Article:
Understanding Bail Hearings in Ontario

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Navigating the criminal justice system can be a daunting task, especially when you or a loved one is facing the prospect of a bail hearing. Understanding the process and preparing effectively can be the difference between freedom and detention. This blog post will serve as a guide, providing insights on how to prepare for a bail hearing based on information provided by Eva Janta, a criminal defense lawyer with KPA Lawyers in Ontario.


The Importance of a Bail Hearing

When a person is arrested, the Criminal Code mandates that they must be brought before a court within 24 hours, failing which, it’s crucial to seek legal advice. Most charges entitle the arrestee to a bail hearing, where the onus usually lies on the Crown to prove why they should not be released. If the arrestee is already out on bail and commits a new crime, the responsibility to prove their right to release falls on them.

Creating a Bail Plan

An essential step in preparing for a bail hearing is creating a solid bail plan. This plan outlines what an individual intends to do upon their release and serves to address any specific concerns the court might have. There are two primary concerns: ensuring the accused will attend all court dates and ensuring they won’t commit any new crimes.

Components of a Bail Plan

The bail plan should address the following elements:

    1. Residence: Where the accused will live upon release. If they were living with the victim, they would need to have an alternate living arrangement.

    1. Employment: A job can demonstrate that the accused will be productive upon release. A letter from the employer to authenticate the job offer can be very persuasive.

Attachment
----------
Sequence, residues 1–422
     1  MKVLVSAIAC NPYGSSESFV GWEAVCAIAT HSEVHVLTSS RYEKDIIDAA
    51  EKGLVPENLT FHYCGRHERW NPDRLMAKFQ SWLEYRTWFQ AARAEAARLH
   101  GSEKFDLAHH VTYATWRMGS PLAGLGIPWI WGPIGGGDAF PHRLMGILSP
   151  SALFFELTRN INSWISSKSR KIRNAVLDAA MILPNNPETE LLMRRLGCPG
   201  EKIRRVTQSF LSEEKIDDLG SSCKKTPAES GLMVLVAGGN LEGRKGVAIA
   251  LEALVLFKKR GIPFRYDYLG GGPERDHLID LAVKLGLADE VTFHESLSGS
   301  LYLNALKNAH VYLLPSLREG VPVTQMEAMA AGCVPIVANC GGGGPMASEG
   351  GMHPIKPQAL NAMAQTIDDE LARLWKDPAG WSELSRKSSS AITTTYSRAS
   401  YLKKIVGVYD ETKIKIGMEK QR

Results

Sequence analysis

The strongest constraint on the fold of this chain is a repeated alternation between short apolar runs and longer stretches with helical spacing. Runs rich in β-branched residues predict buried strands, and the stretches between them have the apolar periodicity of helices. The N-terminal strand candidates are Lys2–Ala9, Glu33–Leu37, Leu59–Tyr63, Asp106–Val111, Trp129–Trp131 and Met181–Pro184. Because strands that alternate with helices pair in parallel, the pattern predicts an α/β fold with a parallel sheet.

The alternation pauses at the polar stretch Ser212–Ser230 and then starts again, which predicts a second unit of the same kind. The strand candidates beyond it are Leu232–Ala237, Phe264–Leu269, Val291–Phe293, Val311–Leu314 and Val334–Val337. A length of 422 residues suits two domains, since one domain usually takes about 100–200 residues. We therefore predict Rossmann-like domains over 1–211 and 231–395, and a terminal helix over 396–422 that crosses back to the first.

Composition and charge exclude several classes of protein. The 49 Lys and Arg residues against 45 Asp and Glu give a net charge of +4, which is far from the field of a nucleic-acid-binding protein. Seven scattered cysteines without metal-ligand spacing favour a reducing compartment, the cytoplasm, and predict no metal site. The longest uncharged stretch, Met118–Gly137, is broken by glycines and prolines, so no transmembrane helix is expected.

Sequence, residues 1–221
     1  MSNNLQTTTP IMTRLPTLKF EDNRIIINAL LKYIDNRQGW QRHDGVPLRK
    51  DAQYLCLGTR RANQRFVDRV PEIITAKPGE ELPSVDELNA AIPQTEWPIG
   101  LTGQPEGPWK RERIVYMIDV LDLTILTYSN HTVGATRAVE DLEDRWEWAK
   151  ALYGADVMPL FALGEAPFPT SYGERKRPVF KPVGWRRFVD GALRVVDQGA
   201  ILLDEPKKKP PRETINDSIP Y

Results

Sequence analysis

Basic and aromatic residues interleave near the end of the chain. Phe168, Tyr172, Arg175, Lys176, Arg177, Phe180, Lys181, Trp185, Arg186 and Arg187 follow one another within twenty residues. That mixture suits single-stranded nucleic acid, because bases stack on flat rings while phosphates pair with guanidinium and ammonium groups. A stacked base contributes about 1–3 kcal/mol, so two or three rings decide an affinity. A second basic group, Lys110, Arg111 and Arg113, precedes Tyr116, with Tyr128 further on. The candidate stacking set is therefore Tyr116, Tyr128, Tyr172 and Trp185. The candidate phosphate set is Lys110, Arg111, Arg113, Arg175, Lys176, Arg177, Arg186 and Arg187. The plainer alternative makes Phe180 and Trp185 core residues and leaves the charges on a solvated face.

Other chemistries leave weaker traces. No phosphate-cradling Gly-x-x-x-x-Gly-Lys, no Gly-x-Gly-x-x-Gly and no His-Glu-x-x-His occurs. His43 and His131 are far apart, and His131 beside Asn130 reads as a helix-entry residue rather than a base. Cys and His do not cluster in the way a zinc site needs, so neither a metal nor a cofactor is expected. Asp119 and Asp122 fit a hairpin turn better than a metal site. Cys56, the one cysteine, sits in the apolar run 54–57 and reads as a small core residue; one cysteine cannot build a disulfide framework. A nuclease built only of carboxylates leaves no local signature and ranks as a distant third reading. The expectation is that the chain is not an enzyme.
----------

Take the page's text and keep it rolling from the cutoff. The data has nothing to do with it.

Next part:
1. Contact: The accused must typically avoid contact with the victim or co-accused individuals. The court needs assurance that this won’t be an issue.

    1. Weapons and Drugs: If the charges involved violence or drugs, the court will likely require assurances that the accused will not possess any weapons or drugs.

Dealing with Addiction or Mental Health Issues

If the accused has underlying mental health or addiction issues, a plan to go to counseling can be viewed positively by the court. Evidence such as an intake letter or a definitive start date can show that steps have been taken to begin the process. A specific counseling program should be identified.

The Role of Supervision

Supervision is a critical part of securing release on bail. There are two types of supervision: a bail program or a surety.

    1. Bail Program: The accused is responsible for ensuring all conditions are followed and must regularly report to the bail program. This form of supervision is more structured than being released alone but less stringent than having a surety.

    1. Surety: Here, someone known to the accused is responsible for ensuring all conditions are followed. This person should ideally be someone who knows the accused well and is respected by them. While a criminal record is not necessarily a deal breaker, a person without a record is more likely to be approved.

Remember, this blog post is not intended as legal advice. If you or a loved one is in need of a bail hearing in Ontario, it is recommended to consult with a lawyer. The legal landscape can be challenging, but a thorough understanding of the bail hearing process and adequate preparation can make a significant difference.

Stay tuned for more information on the topic of being a surety, and don’t forget to educate yourself continually about legal procedures to navigate the criminal justice system effectively.


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